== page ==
The same applies to serious movie buffs. While I earlier protested there is more to movies than Hugh Grant, I start to become suspicious when people keep running back to hide behind Citizen Kane and yet cannot rouse any more passion for it than reminding me it was made in X, cost X and was His debut film.

Thankfully I can report that in this case, the “Great Buster Keaton” actually is great for normal people as well as movie nerds (though of course, as I may also classify for that description, perhaps in this case my opinion is unreliable…) Perhaps it was just the atmosphere, but Sherlock Jr was hilarious. Particularly to be mentioned – him in the cinema screen frantic as the background keeps changing around him, and him on a bike traveling across a broken bridge which then collapses. If you’ve seen it, you’ll know when I mean. If you haven’t, then that’s really your loss. It must be hosted-in-the-public-domain somewhere. Go find! After that, the General was something of a let down, especially in light of it being “The Big Famous One”. It had some funny moments, but was much more what I had expected to spend my evening watching: a worthy, occasionally amusing film, but nothing on Dodgeball in laughter stakes.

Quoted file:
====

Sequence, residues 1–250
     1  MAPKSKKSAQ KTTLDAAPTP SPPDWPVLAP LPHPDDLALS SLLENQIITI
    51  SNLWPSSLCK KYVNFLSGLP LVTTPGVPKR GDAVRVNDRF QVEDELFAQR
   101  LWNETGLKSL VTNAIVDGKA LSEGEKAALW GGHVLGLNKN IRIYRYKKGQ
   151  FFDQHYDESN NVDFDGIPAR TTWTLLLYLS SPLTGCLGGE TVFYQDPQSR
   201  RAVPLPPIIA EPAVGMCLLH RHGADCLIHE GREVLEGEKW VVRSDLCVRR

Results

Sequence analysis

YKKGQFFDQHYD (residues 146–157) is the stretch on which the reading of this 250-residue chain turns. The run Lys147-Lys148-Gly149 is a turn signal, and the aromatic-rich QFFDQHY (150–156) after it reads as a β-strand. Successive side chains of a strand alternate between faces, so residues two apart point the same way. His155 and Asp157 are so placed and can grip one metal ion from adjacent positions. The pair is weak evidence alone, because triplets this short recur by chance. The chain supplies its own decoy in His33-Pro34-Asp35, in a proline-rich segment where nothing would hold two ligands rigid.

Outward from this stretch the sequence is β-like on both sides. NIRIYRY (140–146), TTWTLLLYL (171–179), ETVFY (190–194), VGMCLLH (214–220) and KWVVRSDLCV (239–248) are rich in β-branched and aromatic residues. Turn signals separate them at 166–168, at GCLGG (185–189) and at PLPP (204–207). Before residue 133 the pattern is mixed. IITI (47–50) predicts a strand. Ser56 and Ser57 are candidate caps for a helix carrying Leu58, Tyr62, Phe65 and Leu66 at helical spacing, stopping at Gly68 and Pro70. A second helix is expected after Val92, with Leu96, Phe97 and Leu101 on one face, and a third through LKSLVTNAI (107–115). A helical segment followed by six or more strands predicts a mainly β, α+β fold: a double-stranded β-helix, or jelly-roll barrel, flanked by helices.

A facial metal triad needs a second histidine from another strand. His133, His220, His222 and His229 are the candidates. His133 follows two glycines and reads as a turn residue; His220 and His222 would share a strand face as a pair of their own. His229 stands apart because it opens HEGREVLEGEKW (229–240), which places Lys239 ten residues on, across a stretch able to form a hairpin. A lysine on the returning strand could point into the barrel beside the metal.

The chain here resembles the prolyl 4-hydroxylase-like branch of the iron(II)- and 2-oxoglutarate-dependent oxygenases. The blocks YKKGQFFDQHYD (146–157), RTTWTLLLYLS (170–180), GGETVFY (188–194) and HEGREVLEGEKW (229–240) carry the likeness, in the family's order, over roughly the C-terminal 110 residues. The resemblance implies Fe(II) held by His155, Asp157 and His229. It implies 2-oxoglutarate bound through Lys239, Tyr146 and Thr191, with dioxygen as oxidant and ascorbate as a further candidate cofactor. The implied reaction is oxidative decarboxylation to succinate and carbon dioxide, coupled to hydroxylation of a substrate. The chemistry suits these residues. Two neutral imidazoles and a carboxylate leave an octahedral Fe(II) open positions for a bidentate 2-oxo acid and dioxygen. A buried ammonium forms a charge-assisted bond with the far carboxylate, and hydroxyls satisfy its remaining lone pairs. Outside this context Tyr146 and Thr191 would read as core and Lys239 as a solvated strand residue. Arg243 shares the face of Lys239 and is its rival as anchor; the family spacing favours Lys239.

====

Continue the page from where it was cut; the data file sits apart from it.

So finally, and just for fun, I've decided to start a new quiz for me blog. It's easier for all involved than doing screenshots. All you have to do is think of five films which fit the random criteria (with a reminder of the scene if it's not too spoiler free)

Five films where a telephone is destroyed
(I can think of three off the top of my head...)


Mike said...


We would like to do an interview with you about your blog for . We'd like to give you the opportunity to
give us some insight on the "person behind the blog."

It would just take a few minutes of your time. The interview form can
be submitted online at

Best regards,

Mike Thomas

Rob said...

I've only seen The General and a few Keaton shorts, but I saw I liked. Over the past few months, I've been getting my Chaplin action on and I have to say he's going to be hard to top.

Phones were destroyed in:
Funny Games
The Matrix
Casino (well, Joe Pesci beats a man over the head with one for a bit, so it's kind of destroying it)
The Shining

Will said...

I saw the General first so I have a little different perspective on it then you do. It was cool to watch and was amazing in it's technical feats, but I agree, Sherlock, Jr. was the funnier film, especially the jumping into the movie screeen scene.

I will have to think about movies where telephones are destroyed.

Catherine said...

The Telephone Conundrum has been haunting me since 8am this morning and shows no sign of letting up. Damn you.

lovable_dorkus said...

the BlogInterviewer thing is pretty much harmless- just advertisement for your blog. if you want your blog/s to be advertised, then i guess it should be worth it! :)